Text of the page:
Patricia Bender
Sun, 30 Mar 2003 10:03:37 PST
Vertigo: Its Causes and Treatment
Huai Y. Cheng, M.D.
Dr. Cheng is Geriatric Fellow, Division of Geriatric Medicine, Saint 
Louis University, Health Sciences Center, St. Louis, MO. Dr. Cheng 
reports no commercial conflict of interest.
A 76-year-old man went to the hospital complaining that he had 
experienced vertigo for three years and that it had gotten worse in the 
last two to three months. What he meant by vertigo, he explained, was a 
sensation of "things in the house spinning," along with nausea lasting 
less than a minute. He felt fine if he stayed in bed and did not move. 
He did not have slurred speech, weakness of extremities or any other 
symptoms that might point to a neurological or brain problem.
He was first diagnosed with Meniere's syndrome, a mysterious disorder 
that causes severe vertigo, hearing loss and a ringing or other 
sensation in the ears. He was treated with the drug DiazideĀ®. After 
that, everything had been fine until the past few months, when he had 
several new attacks of the same symptoms, but with more severe nausea 
and vomiting. He was now afraid that he was about to have another 
A series of tests revealed that instead of Meniere's Disease, the man 
was actually suffering from another illness called Benign Paroxysmal 
Positional Vertigo, or BPPV. Meniere's Disease and BPPV are the two 
most common causes of vertigo. While one can be mistaken for the other, 
as in this example, they are different diseases with different symptoms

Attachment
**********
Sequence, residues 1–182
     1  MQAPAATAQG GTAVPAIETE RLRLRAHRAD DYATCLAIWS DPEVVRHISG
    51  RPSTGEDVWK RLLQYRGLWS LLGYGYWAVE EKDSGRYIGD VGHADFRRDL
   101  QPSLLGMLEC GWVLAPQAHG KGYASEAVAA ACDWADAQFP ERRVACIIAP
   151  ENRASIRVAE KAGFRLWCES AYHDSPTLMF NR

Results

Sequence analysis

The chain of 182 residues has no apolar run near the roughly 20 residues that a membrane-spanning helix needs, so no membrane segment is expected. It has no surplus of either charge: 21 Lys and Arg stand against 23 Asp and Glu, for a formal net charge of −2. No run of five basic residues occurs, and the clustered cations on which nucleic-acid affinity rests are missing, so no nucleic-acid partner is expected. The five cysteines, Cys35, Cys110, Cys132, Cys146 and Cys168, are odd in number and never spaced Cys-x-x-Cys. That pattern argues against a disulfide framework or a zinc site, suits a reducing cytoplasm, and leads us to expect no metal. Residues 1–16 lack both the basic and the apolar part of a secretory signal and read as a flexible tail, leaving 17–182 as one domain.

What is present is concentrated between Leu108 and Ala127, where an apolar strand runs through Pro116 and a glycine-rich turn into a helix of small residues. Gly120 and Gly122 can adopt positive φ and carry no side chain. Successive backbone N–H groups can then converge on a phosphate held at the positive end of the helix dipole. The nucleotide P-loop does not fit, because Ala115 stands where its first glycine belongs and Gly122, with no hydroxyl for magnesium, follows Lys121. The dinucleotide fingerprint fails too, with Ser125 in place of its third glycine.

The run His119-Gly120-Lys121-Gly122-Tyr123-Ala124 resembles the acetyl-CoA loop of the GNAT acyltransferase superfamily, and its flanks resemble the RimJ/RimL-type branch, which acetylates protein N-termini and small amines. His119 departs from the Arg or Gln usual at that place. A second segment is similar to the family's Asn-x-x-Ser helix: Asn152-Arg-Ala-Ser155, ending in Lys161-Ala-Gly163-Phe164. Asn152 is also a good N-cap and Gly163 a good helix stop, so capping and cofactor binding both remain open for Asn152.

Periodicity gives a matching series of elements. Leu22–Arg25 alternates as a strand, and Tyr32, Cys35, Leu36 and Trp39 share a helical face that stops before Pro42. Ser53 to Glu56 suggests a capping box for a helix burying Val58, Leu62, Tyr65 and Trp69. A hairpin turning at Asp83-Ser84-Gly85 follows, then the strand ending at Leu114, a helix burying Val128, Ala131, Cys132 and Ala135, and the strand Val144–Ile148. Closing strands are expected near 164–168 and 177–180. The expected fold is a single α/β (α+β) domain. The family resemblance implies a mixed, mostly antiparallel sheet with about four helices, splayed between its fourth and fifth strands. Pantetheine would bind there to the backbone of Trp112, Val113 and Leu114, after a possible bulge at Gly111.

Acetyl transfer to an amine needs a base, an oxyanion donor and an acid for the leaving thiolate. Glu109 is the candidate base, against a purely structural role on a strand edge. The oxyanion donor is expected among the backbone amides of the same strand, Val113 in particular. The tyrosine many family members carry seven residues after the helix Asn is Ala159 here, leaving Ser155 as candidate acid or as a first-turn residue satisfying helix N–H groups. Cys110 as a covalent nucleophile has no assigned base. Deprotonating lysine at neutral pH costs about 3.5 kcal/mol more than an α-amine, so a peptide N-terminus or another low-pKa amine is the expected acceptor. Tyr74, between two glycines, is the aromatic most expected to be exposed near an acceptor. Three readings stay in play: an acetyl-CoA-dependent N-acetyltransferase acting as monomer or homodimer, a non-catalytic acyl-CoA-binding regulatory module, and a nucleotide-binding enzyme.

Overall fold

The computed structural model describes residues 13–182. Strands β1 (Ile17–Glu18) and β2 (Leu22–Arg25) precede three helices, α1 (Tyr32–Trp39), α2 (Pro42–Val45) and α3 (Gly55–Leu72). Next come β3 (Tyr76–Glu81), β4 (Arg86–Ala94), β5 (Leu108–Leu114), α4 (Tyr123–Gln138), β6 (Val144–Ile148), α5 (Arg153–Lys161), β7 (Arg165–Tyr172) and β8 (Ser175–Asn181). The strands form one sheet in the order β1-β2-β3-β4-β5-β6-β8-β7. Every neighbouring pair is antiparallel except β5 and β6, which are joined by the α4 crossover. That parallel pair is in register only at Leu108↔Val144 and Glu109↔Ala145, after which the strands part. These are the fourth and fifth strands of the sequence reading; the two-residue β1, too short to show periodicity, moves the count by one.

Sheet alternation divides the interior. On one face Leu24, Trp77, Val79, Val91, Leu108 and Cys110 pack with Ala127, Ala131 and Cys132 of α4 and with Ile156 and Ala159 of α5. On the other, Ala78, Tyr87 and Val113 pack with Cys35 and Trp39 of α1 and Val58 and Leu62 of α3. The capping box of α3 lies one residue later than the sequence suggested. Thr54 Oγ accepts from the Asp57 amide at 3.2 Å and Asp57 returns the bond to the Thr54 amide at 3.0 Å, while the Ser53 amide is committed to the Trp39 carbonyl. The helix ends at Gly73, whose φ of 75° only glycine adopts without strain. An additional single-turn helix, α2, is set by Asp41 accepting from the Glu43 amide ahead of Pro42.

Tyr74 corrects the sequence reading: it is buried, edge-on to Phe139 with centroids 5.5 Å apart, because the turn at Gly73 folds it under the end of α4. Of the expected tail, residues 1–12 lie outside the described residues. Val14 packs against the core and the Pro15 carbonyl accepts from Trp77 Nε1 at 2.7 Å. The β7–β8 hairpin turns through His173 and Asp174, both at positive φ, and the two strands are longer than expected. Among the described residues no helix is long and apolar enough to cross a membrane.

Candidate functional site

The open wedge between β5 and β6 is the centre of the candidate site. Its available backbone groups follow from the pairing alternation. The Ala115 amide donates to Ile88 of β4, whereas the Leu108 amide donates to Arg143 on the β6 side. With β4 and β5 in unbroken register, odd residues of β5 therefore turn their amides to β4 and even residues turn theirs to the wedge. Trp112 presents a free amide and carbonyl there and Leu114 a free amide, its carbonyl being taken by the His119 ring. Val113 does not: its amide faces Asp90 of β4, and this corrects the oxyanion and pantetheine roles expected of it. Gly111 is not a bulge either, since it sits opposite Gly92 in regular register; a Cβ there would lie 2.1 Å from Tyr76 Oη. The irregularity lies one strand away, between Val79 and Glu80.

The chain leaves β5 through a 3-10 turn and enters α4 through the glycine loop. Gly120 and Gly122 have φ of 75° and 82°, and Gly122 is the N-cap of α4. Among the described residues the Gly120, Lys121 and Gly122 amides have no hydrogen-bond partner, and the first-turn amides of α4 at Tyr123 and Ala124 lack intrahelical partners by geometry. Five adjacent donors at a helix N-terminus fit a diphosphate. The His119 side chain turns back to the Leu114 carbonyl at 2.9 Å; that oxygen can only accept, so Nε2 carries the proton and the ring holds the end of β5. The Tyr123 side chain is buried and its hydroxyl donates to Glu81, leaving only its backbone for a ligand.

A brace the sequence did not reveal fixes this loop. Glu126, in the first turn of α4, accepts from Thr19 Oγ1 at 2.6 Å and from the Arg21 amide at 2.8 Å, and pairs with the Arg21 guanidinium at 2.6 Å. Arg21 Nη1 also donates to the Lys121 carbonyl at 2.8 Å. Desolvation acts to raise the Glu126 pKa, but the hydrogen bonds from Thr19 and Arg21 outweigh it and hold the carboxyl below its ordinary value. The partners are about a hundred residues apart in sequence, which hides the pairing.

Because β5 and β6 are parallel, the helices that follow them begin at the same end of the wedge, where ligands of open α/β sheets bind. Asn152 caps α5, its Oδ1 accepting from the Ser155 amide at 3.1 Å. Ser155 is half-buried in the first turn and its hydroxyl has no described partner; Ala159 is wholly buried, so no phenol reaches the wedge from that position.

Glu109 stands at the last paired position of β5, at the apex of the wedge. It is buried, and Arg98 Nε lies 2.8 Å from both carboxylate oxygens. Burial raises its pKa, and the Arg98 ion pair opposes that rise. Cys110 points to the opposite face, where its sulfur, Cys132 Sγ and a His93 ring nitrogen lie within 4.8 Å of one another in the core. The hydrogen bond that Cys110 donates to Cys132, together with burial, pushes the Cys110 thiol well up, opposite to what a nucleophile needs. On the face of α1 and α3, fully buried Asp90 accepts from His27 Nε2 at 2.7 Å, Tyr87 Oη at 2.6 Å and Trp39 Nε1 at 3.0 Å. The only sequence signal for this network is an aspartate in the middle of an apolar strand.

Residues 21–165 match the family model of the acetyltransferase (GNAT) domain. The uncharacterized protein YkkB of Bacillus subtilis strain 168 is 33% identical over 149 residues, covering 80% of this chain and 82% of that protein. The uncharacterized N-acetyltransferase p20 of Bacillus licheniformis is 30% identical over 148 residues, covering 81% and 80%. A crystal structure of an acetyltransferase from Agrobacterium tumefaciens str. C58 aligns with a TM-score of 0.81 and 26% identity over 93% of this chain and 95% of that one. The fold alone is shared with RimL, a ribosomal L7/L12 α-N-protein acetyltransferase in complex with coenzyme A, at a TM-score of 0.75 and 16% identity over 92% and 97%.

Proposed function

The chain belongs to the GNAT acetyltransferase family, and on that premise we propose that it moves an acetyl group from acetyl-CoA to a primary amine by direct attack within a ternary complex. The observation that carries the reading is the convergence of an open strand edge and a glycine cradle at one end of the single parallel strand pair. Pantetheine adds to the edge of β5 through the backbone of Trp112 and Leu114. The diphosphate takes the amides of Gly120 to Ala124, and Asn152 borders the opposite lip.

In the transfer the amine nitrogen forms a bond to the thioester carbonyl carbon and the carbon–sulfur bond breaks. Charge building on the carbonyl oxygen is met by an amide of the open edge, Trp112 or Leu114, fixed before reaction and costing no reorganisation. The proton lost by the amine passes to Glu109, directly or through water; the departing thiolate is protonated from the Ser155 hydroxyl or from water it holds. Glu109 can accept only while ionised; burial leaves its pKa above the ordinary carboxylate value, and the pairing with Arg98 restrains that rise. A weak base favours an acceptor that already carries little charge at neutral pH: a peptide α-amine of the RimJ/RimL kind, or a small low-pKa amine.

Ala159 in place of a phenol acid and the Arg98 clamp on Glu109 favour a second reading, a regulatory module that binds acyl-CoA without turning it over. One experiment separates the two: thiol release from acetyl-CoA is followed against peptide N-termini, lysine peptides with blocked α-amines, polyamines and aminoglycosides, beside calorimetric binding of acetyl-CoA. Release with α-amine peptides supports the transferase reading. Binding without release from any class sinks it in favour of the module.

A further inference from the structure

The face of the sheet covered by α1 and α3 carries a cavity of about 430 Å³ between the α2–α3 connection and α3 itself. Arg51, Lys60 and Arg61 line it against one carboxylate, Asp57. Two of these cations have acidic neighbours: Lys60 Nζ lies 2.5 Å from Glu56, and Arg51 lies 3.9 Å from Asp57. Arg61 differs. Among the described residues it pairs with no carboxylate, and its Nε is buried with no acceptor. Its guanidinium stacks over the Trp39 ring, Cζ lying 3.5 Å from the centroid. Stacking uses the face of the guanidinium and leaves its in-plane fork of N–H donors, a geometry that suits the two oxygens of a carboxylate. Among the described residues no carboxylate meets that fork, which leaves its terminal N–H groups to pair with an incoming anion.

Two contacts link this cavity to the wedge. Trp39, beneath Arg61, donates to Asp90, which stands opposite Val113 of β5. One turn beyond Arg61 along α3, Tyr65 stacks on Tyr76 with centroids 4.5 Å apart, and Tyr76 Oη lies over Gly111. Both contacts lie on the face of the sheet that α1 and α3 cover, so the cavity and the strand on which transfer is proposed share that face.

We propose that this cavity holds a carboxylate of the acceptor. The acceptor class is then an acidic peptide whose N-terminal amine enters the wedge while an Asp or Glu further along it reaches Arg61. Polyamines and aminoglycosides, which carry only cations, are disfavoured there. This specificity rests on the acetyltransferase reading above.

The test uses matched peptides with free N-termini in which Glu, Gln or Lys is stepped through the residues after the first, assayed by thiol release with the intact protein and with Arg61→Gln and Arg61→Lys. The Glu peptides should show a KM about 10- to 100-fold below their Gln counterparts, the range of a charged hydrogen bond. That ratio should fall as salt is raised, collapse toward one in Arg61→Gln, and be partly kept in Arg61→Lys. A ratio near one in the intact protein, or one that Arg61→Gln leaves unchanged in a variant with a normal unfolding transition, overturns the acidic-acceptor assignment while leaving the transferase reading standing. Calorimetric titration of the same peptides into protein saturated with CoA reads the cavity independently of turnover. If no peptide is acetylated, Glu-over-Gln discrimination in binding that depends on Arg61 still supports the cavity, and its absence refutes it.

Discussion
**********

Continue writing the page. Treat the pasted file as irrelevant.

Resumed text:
and different treatments.
What Is Vertigo?
Vertigo is not a disease in itself, but rather a symptom that can have 
any number of causes. The famous Alfred Hitchcock film notwithstanding, 
a fear of heights is not normally one of them. Vertigo is defined in 
Webster's dictionary as a feeling "in which the external world seems to 
revolve around the individual or in which the individual seems to 
revolve in space."2 Occurring without warning, it comes and goes 
unpredictably and is often accompanied by nausea, vomiting and problems 
with equilibrium. Mild episodes may feel more like a rocking sensation 
or mere light-headedness.
Common Causes of Vertigo
Benign Paroxysmal Positional Vertigo
Benign paroxysmal positional vertigo (BPPV), the kind that was mistaken 
for Meniere's Disease in the above example, is one of the most common 
types of vertigo. It has many causes, not all of which are well 
understood. The most popular current theory is that it is usually 
caused by free-floating calcium carbonate crystals in an area of the 
inner ear called the posterior semicircular canal, which is part of the 
vestibular system.
The vestibular system, located in and around the ear, is responsible 
for integrating what we see, hear and feel with head and body movement. 
In short, it controls our body's sense of equilibrium. More 
specifically, the vestibular system works by monitoring head movement 
and then sending this information to organs inside the ear, which then 
relay the information to the brain.
Our ears play an essential part in this process. The inner ear contains 
an area called the labyrinth, in which are found three semicircular 
canals; these canals are surrounded by a special fluid. The canals' 
function is to transmit information about head movement to the 
vestibular nerve. This nerve passes the information along to the areas 
of the brain that control bodily coordination.
People with BPPV feel lightheaded. The lightheadedness is is often 
accompanied by nausea, vomiting, sweating and a skin pallor. It usually 
comes on suddenly and goes away in less than 30 seconds.
BPPV can be brought on by a sudden change in body position, such as 
turning over in bed or getting in and out of bed. Many people have only 
a single passing bout of BPPV but, for some, BPPV returns unexpectedly.
Meniere's Syndrome